Texas Court Stays Execution of Prisoner Whose Lawyer Deliberately Excluded Black Jurors

The Texas Court of Criminal Appeals has stayed the execution of Mark Robertson (pictured), a Dallas death-row prisoner whom Texas had scheduled for execution on April 11, 2019. The court’s April 8 stay order did not specify the reason it halted the execution, but Robertson’s lawyers had filed an appeal seeking review of their claim that his court-appointed trial lawyer, Michael Byck, had “engaged in purposeful discrimination” by deliberately excluding African Americans from serving on his jury. In 1997, Byck testified in a hearing in the case that he had been "more than happy to violate anybody else's rights” in picking a jury and that he had intentionally struck prospective black jurors. He also testified that he had told prosecutors prior to the trial that he “didn't want to have any blacks on the jury” because he believed they would not be sympathetic to Robertson, a white defendant. The Dallas County District Attorney’s office had a long history of racially discriminatory jury selection practices, and Byck testified that he and the prosecutors had agreed to “indulge each other” in their “prejudices.”

Race discrimination in death-penalty jury selection has been an issue for decades. In 1965, the U.S. Supreme Court in Swain v. Alabama, upheld a death sentence imposed by an all-white Alabama jury on a black defendant charged with rape, imposing on the defendant the burden of proving that the prosecutor in a county had systematically removed all black jurors in “case after case … with the result that no Negroes ever serve on petit juries.” In Dallas County, a 1963 office manual instructed prosecutors not to “take Jews, Negroes, Dagos, Mexicans or a member of any minority race on a jury, no matter how rich or how well educated.” In 1986, the Supreme Court ruled in Batson v. Kentucky that Swain had erected an insurmountable evidentiary burden and declared that the removal of even a single prospective juror on the basis of race was unconstitutional. Dallas prosecutors nonetheless continued to discriminatorily strike black jurors, and District Attorney Henry Wade – the county D.A. from 1951 to 1987 – once threatened an assistant prosecutor, “If you ever put another n****r on a jury, you’re fired.” In 2005, in the case of death-row prisoner Thomas Joe Miller-El, the U.S. Supreme Court found that the Dallas D.A.’s office had a “culture of discrimination” that was “suffused with bias against African-Americans.” It twice reversed lower court decisions that had denied Miller-El relief for the racial discrimination in his case and granted Miller-El a new trial.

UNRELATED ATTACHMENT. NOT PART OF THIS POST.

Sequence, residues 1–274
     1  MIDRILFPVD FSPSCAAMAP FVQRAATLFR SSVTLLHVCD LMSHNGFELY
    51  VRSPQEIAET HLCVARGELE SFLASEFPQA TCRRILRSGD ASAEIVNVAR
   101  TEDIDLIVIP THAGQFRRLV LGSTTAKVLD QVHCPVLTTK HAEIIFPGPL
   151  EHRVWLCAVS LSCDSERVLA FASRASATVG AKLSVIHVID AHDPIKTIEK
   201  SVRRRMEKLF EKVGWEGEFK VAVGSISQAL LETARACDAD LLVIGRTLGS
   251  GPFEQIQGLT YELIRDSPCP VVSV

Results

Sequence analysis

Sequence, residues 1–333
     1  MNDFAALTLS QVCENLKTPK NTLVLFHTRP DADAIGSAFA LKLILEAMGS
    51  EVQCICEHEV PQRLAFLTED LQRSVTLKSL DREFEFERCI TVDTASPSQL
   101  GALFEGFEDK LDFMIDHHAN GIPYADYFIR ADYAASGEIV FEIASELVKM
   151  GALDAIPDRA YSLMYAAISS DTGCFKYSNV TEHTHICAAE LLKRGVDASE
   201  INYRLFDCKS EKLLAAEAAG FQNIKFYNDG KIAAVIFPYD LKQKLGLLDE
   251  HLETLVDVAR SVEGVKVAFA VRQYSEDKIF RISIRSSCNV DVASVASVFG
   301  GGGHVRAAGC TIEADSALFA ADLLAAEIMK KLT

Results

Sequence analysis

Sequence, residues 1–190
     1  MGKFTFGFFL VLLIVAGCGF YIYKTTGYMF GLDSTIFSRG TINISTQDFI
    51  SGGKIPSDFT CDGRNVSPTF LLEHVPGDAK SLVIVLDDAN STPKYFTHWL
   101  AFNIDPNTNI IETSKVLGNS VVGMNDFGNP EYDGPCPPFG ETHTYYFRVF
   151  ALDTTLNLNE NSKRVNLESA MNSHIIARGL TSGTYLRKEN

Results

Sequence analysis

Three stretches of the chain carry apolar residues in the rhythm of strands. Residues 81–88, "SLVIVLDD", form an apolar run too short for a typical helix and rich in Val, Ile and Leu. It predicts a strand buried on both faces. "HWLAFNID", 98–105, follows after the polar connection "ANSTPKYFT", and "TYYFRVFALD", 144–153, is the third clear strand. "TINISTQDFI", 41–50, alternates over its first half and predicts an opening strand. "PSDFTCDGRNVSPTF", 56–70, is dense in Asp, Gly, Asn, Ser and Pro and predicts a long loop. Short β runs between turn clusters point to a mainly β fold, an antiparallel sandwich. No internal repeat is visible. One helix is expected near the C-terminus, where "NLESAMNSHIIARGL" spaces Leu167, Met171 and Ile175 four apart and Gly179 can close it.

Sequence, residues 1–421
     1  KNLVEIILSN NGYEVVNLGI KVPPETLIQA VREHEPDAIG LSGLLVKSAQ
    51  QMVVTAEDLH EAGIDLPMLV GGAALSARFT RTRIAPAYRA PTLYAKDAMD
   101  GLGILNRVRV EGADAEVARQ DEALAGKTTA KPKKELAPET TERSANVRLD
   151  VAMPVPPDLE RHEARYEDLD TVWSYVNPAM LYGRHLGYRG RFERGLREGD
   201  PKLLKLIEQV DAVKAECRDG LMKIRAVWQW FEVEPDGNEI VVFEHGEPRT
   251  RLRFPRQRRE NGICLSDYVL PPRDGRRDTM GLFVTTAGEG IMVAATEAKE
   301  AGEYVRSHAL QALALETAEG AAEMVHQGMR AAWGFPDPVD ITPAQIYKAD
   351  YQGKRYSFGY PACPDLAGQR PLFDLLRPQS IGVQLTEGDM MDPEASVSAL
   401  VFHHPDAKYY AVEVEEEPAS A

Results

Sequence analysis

Jeremy Schepers, one of Robertson’s attorneys, unequivocally condemned Byck’s discriminatory actions. “Mr. Robertson’s trial attorney testified under oath that it was his ‘conscious desire’ to keep African Americans off the jury,” Schepers told the Houston Chronicle. “And, through a variety of methods he succeeded in doing just that. By now there should be no confusion on this matter – racial discrimination in the administration of justice is intolerable. The courts should not hesitate to denounce this unacceptable behavior.” In a motion filed in Robertson’s case, attorney Lydia Brandt urged the court to intercede, rather than allow a death sentence tainted by discrimination to stand. “In the end, Mr. Byck succeeded in his discriminatory plan – Mr. Robertson was tried by an all-white jury,” she wrote. “At best, the State turned a blind eye towards Mr. Byck's discrimination; at worst, they were a willing co-conspirator.”

Robertson has been on death row for 28 years. He is the second Texas prisoner to receive a stay of execution in the last month. On March 28, the U.S. Supreme Court issued a last-minute stay of execution for Patrick Murphy, a Buddhist prisoner who claimed that his right to religious freedom was violated because Texas refused to allow his Buddhist spiritual advisor in the execution chamber, though it allowed Christian and Muslim chaplains. Texas responded to the Court’s decision by announcing that it will no longer allow any religious advisors to be present in the execution chamber.

 (Keri Blakinger, Dallas death row prisoner files appeal over trial attorney’s ‘racist ideology,’ Houston Chronicle, April 2, 2019; Keri Blakinger, Appeals court stays Texas man's execution over claims of defense lawyer's 'racist ideology,' Houston Chronicle, April 8, 2019; Jolie McCullough, Texas court stops execution of Mark Robertson after claims of racist jury selection, Texas Tribune, April 8, 2019.) See Race and Upcoming Executions.